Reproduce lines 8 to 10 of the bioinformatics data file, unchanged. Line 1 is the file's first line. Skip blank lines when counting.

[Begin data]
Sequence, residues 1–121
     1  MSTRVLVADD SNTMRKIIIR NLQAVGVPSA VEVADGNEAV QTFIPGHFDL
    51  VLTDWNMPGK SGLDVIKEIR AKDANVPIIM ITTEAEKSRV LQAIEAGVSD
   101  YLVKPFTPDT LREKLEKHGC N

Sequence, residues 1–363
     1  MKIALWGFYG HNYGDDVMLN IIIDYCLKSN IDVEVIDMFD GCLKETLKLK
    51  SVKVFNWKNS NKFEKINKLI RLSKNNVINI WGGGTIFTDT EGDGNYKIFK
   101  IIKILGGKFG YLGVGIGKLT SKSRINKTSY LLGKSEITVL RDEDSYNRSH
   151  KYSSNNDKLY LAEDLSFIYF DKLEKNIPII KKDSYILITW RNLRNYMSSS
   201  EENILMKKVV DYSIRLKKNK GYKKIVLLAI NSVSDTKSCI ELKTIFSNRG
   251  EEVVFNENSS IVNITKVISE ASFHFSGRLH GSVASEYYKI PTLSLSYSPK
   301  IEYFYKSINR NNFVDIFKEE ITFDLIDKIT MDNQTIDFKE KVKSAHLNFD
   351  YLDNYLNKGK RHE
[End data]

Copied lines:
   101  IIKILGGKFG YLGVGIGKLT SKSRINKTSY LLGKSEITVL RDEDSYNRSH
   151  KYSSNNDKLY LAEDLSFIYF DKLEKNIPII KKDSYILITW RNLRNYMSSS
   201  EENILMKKVV DYSIRLKKNK GYKKIVLLAI NSVSDTKSCI ELKTIFSNRG